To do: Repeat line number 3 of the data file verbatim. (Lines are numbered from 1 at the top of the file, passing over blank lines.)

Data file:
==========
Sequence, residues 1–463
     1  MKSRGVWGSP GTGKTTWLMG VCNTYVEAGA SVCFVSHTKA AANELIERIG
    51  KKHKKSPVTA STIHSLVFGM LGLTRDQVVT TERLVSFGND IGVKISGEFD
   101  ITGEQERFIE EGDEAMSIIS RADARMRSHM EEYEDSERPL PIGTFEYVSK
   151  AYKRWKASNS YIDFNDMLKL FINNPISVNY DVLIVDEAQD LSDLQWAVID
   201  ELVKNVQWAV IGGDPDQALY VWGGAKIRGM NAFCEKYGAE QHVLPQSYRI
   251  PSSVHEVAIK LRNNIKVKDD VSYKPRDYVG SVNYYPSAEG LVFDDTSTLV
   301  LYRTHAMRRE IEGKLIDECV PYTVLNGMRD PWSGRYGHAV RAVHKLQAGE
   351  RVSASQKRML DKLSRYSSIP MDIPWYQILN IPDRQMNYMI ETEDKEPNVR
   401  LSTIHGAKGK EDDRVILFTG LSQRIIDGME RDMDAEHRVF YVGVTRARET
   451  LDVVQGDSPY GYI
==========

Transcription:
    51  KKHKKSPVTA STIHSLVFGM LGLTRDQVVT TERLVSFGND IGVKISGEFD